The first approach is perhaps the most common: producing coarse aggregates that are virtually the same as that of other suppliers and trying to compete on the market with price. This usually involves having only a marginal profit from every sold ton and an unavoidable need to produce and sell huge volumes in order to render the operation profitable. This has been difficult for many huge aggregate quarries – especially after the last financial crisis, and, as a result, a lot of the so-called “mammoth” quarries, taking the first approach in their operations have turned out to have overcapacities. Increasing the price when everyone else also has an overcapacity and is selling virtually the same product is, of course, a difficult task.

The second approach would be selling high added-value (profit part of the price) crushed aggregate products at volumes that today’s market can readily consume.

The basic commercial idea under future solutions for crushed sand from the aggregate producer’s point of view lies in developing a technology to have a different kind of aggregate production approach. This involves not only trying to compete with price, but actually producing a high added-value product that can even be brand named on the market to emphasize that it is unique; this has not been typical for natural sand or aggregates in general.

This interesting trend has recently been gaining ground. The producers who have invested into considerably improving the quality of their crushed sand want to emphasize that it is different from the material that is co-generated in the coarse aggregate production process. To the author’s knowledge, currently there are two brand-named crushed sands: the Advanta® engineered concrete sand produced by Luck Stone (www.luckstone.com) in Virginia, United States, and the RoboSand™ produced by Robo Silicon (www.robo.co.in) in India. In fact, Metso’s static air-classification solutions are being used in the production of Advanta® crushed sand.

Choosing the best sand production process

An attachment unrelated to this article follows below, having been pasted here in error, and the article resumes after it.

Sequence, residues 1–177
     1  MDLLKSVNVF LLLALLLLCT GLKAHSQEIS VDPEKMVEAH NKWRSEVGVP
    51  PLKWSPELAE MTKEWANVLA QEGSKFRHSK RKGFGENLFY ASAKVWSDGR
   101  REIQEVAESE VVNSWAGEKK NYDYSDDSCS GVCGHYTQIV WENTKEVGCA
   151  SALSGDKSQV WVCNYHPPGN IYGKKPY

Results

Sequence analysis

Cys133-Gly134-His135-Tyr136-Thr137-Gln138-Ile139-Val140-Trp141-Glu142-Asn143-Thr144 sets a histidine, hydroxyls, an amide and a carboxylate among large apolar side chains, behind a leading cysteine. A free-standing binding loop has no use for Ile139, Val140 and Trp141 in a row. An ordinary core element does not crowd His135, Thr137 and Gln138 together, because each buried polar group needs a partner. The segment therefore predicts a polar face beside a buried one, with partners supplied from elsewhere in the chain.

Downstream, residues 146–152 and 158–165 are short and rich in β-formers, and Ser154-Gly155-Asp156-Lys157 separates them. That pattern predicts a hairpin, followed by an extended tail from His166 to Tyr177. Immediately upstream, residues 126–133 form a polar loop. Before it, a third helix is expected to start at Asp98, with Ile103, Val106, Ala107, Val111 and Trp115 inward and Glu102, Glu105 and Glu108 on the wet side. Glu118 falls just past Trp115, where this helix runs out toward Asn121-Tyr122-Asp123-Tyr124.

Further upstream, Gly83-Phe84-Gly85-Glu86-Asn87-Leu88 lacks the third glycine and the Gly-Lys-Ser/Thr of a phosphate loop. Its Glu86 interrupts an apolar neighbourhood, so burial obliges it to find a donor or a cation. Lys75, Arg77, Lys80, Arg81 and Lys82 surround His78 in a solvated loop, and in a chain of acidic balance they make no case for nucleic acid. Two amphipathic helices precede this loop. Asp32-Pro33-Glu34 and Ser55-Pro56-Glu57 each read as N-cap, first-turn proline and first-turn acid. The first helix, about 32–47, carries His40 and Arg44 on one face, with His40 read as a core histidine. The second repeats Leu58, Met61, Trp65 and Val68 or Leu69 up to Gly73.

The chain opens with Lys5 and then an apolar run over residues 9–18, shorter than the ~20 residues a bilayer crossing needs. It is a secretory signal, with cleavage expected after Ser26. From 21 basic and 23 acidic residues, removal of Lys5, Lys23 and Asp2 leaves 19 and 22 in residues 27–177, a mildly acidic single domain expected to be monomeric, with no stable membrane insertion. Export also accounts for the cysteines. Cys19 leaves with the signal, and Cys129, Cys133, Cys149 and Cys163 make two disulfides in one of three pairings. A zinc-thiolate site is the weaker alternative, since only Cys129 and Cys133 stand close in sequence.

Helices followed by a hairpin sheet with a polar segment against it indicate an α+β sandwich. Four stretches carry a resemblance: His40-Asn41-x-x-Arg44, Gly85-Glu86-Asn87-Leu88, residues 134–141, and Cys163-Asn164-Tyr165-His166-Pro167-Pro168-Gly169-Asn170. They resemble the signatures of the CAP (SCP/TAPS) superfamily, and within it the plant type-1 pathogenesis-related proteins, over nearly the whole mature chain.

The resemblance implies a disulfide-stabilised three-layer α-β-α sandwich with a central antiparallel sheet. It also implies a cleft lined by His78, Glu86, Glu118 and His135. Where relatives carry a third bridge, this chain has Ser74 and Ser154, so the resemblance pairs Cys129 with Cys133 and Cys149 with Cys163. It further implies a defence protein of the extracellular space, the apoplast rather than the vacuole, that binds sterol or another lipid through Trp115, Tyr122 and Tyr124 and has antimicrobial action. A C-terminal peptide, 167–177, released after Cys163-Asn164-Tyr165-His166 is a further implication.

Proving that high-quality crushed sand is worth a higher price (even if true!) is not a simple and easy task. There are a couple of reasons for this: the aforementioned first historical unsuccessful attempts of using co-generated crushed fine material in concrete, and the fact that legislative requirements in many parts of the world can be discriminating towards the use of crushed sand if it has been tailor-made for special performance in concrete and not a replica of “ideal” natural sand.

Still, every coarse aggregate production company has a wide range of choices of what to do with their surplus fines – dump in huge stock piles, try to get rid of it at a very low or no price, or try to turn it into business through the different available options of crushed sand production.

The best choice in each case depends on the local market situation and on how much effort in the long run the producer is willing to put forward in developing its product, not only on the technical side, but also actively working with technical support, sales and promotion. In other words, crushed sand cannot be sold in the same way as crushed coarse aggregate, i.e. by sending a price offer and description of properties to a potential customer. In the author’s perception, crushed sand needs a much more technical kind of marketing and sales in order to make it a success story.

Related products